Atlantic Map Airports

When it was too dark to look for the dinghy any longer I tried to make Gipsy Moth sail herself so that I could have some sleep. She pigheadedly refused to settle on any of the courses I chose. Finally I gave in to her, furled the mainsail, made the tiller fast and waited to see what she would do. She swung round on to a south-south-west heading and stayed on it, jibbing along at half a knot. This was taking her right into the main shipping lane, but I switched on all my navigation lights and slept soundly till dawn. I had lost my dinghy, but I certainly gained plenty of experience that night.

I was hampered in my trials by having no self-steering gear until 5 May, only five weeks before the start of the race. It was clear that no yacht without a self-steering gear could have a chance against yachts equipped with them. One of the rules of the race was that no yacht could use an automatic pilot – or any other gear – driven by electricity or any other form of power. We were allowed only wind-powered or hand-operated gear.

Atlantic Map Airports Photo Gallery

I had been thinking about self-steering gear from the start, and I had talked it over with an old friend, Allen Wheeler, who was at school with me at The Old Ride, and who is now a celebrated boffin or aviation consultant. He said, You must have a modern self-steering device operated by an air-driven propeller. This was to be like a windmill at the stern of the boat. It would be kept facing into wind by a wind vane, and it would wind up a cord attached to the tiller to pull it one way or the other if the boat’s heading changed relative to the wind.

This sounded marvellous, and I was stuffed full of hope. Presently Allen said that he had not enough time to make it work. By now I was so intrigued with the idea that I took it over myself. I niggled away at the design until I had a model in Meccano working satisfactorily. I showed this to another friend, Dingle Bell of the Sperry Gyroscope Company, and he was enthusiastic about it. He said that Sperry’s would make it for me, and pay me a royalty if it turned out to be a popular design and suitable for all yachts. It was not until March that their engineers came to the conclusion that it would need a minimum of 7mph of wind to actuate it. My hopes were shattered; half my sailing would be done with less than that wind strength. And so in March, after I returned from visiting Vence to get my lung checked up by Jean Mattei, I was stuck with the task of getting myself a self-steering gear with only three months in which to design, to build, and to practise sailing with it.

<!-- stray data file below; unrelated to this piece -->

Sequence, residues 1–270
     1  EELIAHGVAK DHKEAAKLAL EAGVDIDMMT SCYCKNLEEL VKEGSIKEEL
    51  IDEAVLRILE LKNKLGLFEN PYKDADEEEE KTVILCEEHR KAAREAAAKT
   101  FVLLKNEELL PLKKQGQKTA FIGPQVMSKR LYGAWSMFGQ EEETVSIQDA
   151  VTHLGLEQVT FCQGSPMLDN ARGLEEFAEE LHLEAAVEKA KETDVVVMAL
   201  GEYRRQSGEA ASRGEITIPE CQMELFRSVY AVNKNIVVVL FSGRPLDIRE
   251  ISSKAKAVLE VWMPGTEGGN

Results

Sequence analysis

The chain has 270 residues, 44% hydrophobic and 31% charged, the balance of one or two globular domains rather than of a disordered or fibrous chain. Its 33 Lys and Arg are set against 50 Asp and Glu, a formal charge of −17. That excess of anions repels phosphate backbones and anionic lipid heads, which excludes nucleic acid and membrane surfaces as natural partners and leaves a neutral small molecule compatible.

Every Sunday morning I took a bus to Kensington Gardens where I watched the model yachts being sailed across the Round Pond. I reckoned that if a model yacht can be sailed across the Round Pond without a helmsman, then my yacht could be sailed across the Atlantic in the same way. I bought an excellent book on model yacht sailing, and incidentally learned a lot about ocean racing from it though I dare say the author would be surprised to hear it. My new design was in principle a wind vane, which would always weathercock into wind. In fact it was a mast which could rotate in a socket at the stern of the yacht, with a flat sail instead of a metal vane. As soon as the yacht was sailing to my satisfaction I would lock the vane to the tiller. If the yacht came up into wind, the vane would be moved round with the yacht, and the wind would press on the side of it. This would pull on the tiller until the yacht had been steered back on to its original heading, when the vane would be weathercocked again, and do no work as long as the yacht kept on its original heading. The model yacht book told me that the area of the vane must be four and a half times that of the rudder, and so I designed my vane sail to be 45-square feet. The chief problem in design was to make all the parts, the stays, and the spars, strong enough to stand up to a gale, or even a storm, without being so heavy that it would require too much wind to weathercock the vane. I cannot describe how ugly it looked on the beautiful Gipsy Moth.

Leave a Reply

ninety three − eighty six =